Because although there may be less animal testing of personal care products than there once was — even here in the United States — and many manufacturers have found new ways of determining that products are “safe,” there are still plenty of questionable ingredients in your bubble bath, many of which haven’t been tested by any means at all.

And animal testing is far from over. In fact, China officially mandates animal testing of cosmetics, which puts manufacturers in something of a bind: they won’t be able to engage in animal testing and sell in the European Union, whereas their products must be tested on animals to be sold in China. Quantum theory aside, they cannot occupy both of those spaces simultaneously.

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Posted in Food Politics

Coke Blinks

Once again, Coke has blinked. It famously did so in 1985, when it introduced “new” Coke, replacing its original formula with one it thought would have greater appeal with its audience. It was wrong then.

This time it might be right, but it isn’t going to do the world’s best-known brand any good. It’s hurting from decreased domestic sales and smarting from the piles of evidence that soda and other sugar-sweetened beverages are not only our biggest source of calories, but also among our most harmful. So it has struck back with a two-minute video whose ostensible message is that too many calories will make you fat (true), that those in Coke are no worse than any others (false), and that we’re all in this together (ridiculous).

The video is brilliantly executed. Its honeyed, heart-rending voice-over and stirring images — as American as a Chevy commercial — nearly caused me to go out and buy a case myself, as I recalled those innocent days of the ’50s and ’60s when Coke and cigarettes and Our Country and I were all (it seemed) young together, happy and happening and eating burgers and fries like there was no tomorrow. It took me back to when Coke was the real thing, it was “it,” we were teaching the world to sing together, and even Mean Joe Greene was just a cutie. There’s always been Coca-Cola.

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Posted in Food Politics

Stop Subsidizing Obesity

Not long ago few doctors – not even pediatricians – concerned themselves much with nutrition. This has changed, and dramatically: As childhood obesity gains recognition as a true health crisis, more and more doctors are publicly expressing alarm at the impact the standard American diet is having on health.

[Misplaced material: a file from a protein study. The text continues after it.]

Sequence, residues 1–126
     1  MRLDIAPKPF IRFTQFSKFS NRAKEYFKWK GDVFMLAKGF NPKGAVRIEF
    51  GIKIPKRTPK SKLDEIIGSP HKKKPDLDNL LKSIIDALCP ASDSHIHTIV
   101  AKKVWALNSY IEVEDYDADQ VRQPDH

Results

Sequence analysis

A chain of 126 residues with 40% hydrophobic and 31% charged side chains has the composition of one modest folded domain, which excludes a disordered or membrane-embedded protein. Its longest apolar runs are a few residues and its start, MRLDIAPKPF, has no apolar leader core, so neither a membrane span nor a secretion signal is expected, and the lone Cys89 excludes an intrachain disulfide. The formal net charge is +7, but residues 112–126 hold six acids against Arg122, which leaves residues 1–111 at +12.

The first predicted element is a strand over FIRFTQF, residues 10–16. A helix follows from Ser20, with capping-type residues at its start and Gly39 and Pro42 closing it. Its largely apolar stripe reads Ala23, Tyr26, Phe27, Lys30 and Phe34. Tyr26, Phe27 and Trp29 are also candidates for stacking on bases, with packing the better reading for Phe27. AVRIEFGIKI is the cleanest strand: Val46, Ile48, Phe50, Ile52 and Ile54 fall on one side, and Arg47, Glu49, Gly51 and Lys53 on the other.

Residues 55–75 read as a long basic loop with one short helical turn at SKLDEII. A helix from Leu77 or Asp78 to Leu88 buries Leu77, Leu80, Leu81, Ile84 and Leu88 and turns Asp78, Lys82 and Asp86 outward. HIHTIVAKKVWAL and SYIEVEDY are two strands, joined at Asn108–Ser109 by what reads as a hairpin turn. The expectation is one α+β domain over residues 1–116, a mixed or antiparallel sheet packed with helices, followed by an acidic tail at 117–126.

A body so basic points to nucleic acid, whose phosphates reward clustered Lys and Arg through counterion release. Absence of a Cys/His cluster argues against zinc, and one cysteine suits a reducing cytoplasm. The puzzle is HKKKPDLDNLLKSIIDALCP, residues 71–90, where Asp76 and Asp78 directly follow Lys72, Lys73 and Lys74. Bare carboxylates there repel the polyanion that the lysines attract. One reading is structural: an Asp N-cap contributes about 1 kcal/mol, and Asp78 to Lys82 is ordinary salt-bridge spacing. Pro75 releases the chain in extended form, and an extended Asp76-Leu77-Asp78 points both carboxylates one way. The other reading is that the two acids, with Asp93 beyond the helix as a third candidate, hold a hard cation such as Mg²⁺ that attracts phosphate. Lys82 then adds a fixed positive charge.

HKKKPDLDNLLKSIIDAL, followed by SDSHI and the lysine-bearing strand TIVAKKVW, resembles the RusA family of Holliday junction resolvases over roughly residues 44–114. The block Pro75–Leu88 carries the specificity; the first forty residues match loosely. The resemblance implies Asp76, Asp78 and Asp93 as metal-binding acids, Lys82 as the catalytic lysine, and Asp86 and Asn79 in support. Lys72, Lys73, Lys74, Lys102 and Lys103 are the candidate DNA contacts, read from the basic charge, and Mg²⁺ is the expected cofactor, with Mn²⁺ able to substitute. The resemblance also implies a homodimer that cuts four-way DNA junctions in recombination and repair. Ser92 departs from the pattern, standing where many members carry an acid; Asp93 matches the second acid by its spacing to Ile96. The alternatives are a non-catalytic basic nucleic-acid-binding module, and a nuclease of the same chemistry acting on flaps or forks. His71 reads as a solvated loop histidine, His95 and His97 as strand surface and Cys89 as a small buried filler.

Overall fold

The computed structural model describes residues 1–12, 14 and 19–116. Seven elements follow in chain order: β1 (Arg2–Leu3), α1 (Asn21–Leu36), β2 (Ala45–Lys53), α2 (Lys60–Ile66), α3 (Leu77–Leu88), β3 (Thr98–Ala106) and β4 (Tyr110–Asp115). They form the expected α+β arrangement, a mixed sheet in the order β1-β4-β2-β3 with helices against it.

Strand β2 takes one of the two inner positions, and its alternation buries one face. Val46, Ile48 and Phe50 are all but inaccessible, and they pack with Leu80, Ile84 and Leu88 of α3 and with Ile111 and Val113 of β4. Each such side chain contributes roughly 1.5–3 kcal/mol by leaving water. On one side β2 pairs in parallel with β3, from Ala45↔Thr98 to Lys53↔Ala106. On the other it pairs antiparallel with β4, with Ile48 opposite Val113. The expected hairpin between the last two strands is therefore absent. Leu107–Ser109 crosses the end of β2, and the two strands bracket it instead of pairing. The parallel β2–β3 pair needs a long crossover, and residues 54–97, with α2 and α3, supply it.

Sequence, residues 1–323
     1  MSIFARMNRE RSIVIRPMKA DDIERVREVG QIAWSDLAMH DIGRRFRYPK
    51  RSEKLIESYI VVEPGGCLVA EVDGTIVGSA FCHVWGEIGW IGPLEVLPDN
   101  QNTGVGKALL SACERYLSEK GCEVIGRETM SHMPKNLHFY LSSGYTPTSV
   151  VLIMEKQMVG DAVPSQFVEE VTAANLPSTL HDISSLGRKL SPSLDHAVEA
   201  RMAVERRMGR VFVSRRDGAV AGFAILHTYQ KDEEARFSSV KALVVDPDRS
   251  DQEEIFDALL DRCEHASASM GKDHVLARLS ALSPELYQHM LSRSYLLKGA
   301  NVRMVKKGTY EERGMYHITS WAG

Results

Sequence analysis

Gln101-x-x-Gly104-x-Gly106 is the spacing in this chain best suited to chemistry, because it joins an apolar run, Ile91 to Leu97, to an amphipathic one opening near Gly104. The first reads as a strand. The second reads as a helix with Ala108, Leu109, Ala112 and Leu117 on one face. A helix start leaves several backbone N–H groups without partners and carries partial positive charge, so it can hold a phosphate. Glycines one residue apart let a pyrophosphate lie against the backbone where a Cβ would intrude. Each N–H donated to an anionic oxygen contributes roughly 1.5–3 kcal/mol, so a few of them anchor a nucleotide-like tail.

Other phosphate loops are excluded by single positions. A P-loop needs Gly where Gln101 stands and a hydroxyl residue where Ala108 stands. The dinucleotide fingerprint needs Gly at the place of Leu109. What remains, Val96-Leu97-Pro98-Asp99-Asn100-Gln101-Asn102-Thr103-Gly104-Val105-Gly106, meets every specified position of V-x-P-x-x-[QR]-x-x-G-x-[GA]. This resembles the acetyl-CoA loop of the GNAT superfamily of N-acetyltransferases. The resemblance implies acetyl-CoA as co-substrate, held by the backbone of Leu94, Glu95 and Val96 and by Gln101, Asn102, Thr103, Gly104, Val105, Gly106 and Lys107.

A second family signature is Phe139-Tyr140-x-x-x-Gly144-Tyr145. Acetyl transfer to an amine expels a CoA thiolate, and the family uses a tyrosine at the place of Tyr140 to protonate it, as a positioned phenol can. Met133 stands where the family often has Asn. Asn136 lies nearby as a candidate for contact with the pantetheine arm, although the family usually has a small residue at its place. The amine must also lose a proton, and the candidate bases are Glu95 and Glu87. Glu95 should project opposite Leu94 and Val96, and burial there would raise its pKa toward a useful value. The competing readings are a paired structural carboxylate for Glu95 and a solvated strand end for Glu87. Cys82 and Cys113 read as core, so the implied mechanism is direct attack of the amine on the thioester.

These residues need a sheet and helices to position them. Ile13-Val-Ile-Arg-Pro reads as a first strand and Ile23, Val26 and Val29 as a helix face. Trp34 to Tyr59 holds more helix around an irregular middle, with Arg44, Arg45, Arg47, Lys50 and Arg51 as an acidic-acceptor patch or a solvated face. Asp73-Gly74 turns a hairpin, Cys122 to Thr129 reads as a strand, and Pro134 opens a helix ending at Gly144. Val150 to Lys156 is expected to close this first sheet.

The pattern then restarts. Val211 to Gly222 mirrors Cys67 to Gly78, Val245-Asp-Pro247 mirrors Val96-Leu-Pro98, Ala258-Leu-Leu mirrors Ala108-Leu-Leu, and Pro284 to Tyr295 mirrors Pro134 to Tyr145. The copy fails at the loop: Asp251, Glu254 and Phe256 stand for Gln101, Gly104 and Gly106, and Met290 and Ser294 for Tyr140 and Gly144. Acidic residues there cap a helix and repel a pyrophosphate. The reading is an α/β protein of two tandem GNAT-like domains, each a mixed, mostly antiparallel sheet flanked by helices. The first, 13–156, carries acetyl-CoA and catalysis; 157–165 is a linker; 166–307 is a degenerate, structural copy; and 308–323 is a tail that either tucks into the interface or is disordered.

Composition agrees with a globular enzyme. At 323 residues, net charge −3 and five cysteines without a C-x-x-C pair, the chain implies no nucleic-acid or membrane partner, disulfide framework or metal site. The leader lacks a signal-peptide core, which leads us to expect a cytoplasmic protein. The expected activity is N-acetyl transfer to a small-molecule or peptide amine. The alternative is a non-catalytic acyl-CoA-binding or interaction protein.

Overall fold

“I never saw Type 2 diabetes during my training, 20 years ago,” David Ludwig, a pediatrician, told me the other day, referring to what was once called “adult-onset” diabetes, the form that is often caused by obesity. “Never. Now about a quarter of the new diabetes cases we’re seeing are Type 2.”

Ludwig, who is director of the New Balance Foundation Obesity Prevention Center in Boston, is one of three authors, all medical doctors of an essay (“Viewpoint”) in the current issue of the Journal of the American Medical Association titled “Opportunities to Reduce Childhood Hunger and Obesity.”

That title that would once have been impossible, but now it’s merely paradoxical. Because the situation is this: 17 percent of children in the United States are obese, 16 percent are food-insecure (this means they have inconsistent access to food), and some number, which is impossible to nail down, are both. Seven times as many poor children are obese as those who are underweight, an indication that government aid in the form of food stamps, now officially called SNAP, does a good job of addressing hunger but encourages the consumption of unhealthy calories.

Read the rest of this column here.

Posted in Food Politics

Dietary Seat Belts

Here’s some good news: Seat belts save lives[1] . So do vaccinations. The world’s population is living longer. The childhood obesity rate has declined[2] in parts of the United States.

That’s miraculous, because the policies for food, energy, climate change and health care are, effectively, “let’s help big producers make as much money as they can regardless of the consequences.”